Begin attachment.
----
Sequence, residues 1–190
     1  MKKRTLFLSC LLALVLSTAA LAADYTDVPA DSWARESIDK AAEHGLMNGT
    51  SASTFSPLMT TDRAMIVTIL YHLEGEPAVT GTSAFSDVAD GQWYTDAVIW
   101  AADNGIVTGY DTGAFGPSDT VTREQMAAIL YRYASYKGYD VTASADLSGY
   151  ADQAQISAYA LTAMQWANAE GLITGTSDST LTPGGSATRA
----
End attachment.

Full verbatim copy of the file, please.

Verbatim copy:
Sequence, residues 1–190
     1  MKKRTLFLSC LLALVLSTAA LAADYTDVPA DSWARESIDK AAEHGLMNGT
    51  SASTFSPLMT TDRAMIVTIL YHLEGEPAVT GTSAFSDVAD GQWYTDAVIW
   101  AADNGIVTGY DTGAFGPSDT VTREQMAAIL YRYASYKGYD VTASADLSGY
   151  ADQAQISAYA LTAMQWANAE GLITGTSDST LTPGGSATRA